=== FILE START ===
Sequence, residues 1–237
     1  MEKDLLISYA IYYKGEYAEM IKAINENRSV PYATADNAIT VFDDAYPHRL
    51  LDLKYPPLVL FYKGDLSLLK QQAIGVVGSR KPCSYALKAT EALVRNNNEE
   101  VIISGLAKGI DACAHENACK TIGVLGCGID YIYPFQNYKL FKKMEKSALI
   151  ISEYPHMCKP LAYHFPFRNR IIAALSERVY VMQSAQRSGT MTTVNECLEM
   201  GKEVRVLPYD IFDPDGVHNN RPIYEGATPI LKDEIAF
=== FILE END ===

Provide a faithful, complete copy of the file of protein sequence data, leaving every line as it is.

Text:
Sequence, residues 1–237
     1  MEKDLLISYA IYYKGEYAEM IKAINENRSV PYATADNAIT VFDDAYPHRL
    51  LDLKYPPLVL FYKGDLSLLK QQAIGVVGSR KPCSYALKAT EALVRNNNEE
   101  VIISGLAKGI DACAHENACK TIGVLGCGID YIYPFQNYKL FKKMEKSALI
   151  ISEYPHMCKP LAYHFPFRNR IIAALSERVY VMQSAQRSGT MTTVNECLEM
   201  GKEVRVLPYD IFDPDGVHNN RPIYEGATPI LKDEIAF